In California, there is a statute of limitations on filing a suit over credit card debt, meaning that a creditor is required to file a claim against you within a specified period of time in order for it to be valid. As your agreement with your credit card company qualifies as a written contract, this statute of limitations in California is four years. In most cases, this period starts on the date of your first missed payment.

California Debt Relief Options

The first step to preventing unpleasant collection actions is to reach out to your creditor. If you’re going to miss a payment, call and let them know. Explain why you’ve fallen behind. They understand that things happen — illness, natural disaster, and layoffs, for example — and will in many cases be willing to work with you.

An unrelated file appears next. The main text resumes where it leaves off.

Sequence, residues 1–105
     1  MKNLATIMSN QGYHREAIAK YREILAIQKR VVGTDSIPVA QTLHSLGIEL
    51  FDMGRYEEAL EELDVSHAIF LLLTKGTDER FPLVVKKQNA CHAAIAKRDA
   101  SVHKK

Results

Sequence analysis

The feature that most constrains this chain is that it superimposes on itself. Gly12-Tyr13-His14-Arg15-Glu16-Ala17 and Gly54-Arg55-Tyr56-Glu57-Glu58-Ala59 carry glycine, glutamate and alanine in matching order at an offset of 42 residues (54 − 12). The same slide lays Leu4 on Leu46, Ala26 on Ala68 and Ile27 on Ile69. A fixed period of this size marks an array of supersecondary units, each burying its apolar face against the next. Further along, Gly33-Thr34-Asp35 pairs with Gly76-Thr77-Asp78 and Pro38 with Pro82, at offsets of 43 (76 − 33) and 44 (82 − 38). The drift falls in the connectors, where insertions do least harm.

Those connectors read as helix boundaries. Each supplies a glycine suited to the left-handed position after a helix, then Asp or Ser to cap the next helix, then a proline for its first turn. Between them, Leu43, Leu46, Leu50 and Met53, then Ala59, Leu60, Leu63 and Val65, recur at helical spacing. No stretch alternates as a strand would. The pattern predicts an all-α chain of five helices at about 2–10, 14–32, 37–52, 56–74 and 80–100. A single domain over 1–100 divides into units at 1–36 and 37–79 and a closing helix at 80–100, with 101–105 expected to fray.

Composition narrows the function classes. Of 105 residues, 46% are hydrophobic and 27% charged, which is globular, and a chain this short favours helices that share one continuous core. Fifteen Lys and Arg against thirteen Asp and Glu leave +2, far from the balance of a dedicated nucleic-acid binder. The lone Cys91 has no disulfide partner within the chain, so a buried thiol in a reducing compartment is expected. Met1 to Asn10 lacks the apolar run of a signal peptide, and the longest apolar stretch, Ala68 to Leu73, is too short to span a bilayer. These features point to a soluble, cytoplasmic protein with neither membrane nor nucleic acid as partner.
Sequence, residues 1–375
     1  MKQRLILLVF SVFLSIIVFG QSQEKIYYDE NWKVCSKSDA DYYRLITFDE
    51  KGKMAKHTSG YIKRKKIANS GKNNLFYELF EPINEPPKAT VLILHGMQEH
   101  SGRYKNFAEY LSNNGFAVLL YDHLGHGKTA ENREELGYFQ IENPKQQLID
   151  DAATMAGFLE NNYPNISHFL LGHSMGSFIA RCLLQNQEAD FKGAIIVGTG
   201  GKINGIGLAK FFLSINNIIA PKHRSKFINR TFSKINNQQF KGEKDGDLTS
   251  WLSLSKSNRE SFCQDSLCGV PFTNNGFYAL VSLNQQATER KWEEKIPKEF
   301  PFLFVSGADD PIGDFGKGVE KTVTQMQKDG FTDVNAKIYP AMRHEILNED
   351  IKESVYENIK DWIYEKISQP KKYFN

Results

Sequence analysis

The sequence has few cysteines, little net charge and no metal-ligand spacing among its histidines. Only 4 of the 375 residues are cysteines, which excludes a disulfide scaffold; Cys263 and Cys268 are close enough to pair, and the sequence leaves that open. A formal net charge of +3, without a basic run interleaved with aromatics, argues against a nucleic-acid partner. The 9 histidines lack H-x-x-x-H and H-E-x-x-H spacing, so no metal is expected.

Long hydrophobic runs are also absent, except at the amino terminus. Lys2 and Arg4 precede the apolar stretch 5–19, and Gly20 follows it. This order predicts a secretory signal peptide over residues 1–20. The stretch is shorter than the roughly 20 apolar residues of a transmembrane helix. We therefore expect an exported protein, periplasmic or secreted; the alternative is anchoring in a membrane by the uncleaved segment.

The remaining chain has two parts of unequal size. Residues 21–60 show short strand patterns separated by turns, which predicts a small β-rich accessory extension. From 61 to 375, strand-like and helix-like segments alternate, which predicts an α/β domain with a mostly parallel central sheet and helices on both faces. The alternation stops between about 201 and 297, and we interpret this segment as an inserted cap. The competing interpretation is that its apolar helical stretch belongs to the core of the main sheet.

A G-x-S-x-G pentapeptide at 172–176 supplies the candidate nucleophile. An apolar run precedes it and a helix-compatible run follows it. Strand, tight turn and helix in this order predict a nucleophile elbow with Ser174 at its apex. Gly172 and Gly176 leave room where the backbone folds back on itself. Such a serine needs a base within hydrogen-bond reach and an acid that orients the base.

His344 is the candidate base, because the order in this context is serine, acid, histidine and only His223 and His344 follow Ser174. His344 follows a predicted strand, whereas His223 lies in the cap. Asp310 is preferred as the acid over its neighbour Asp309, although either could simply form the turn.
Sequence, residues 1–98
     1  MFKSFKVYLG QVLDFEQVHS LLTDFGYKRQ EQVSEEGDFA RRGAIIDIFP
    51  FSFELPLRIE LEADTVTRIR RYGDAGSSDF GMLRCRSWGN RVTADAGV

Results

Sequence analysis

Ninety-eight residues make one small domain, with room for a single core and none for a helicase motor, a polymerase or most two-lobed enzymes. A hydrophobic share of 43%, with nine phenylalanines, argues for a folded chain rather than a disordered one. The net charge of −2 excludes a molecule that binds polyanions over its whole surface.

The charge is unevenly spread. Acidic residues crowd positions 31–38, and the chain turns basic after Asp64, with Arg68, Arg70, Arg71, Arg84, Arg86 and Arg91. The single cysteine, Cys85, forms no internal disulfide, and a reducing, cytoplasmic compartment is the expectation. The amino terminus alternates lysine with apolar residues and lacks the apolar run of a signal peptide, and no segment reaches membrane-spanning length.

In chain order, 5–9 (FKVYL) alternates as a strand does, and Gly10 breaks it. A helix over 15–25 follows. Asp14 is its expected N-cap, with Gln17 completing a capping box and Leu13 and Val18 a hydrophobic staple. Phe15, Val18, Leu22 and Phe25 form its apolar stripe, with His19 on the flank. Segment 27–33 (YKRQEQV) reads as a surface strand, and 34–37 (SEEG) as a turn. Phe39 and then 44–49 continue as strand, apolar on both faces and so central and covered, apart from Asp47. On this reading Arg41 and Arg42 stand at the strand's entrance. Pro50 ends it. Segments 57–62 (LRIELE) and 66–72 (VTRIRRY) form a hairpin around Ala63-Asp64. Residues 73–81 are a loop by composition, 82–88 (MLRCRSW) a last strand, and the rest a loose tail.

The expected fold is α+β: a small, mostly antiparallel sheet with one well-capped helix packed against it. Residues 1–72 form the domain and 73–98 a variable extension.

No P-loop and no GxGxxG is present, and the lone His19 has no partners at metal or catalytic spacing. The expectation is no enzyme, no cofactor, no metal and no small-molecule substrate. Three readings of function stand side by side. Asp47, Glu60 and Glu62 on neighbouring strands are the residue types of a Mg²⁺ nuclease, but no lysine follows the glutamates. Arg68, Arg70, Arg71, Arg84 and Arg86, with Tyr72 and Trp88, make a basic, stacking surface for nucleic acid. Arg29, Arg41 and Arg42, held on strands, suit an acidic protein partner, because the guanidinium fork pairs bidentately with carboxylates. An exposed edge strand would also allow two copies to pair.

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Your creditors want you to pay, but they don’t want to go to court. It’s time-consuming and expensive. If you simply don’t pay without notice, your creditor won’t have much of an incentive to help you out.

When you speak to your creditor, they may offer you several options. First, you could pay a lump sum as settlement. You’ll pay less than your full balance and they’ll consider the debt paid in full. You do need to have cash on hand, but you may be able to pay significantly less than you owe. A lump sum settlement may have tax consequences — the difference between what you actually pay and what you owe may be considered income, in which case you’d have to pay tax on it. Depending on the status of your account, the forgiven debt may not be considered income but may be considered a sort of deal between you and the bank.